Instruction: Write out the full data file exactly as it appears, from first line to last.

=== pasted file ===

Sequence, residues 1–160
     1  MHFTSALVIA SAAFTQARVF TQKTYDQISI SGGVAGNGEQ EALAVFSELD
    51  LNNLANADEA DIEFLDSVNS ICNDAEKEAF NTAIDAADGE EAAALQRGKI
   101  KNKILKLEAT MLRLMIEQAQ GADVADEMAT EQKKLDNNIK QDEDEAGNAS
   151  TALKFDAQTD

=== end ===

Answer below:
Sequence, residues 1–160
     1  MHFTSALVIA SAAFTQARVF TQKTYDQISI SGGVAGNGEQ EALAVFSELD
    51  LNNLANADEA DIEFLDSVNS ICNDAEKEAF NTAIDAADGE EAAALQRGKI
   101  KNKILKLEAT MLRLMIEQAQ GADVADEMAT EQKKLDNNIK QDEDEAGNAS
   151  TALKFDAQTD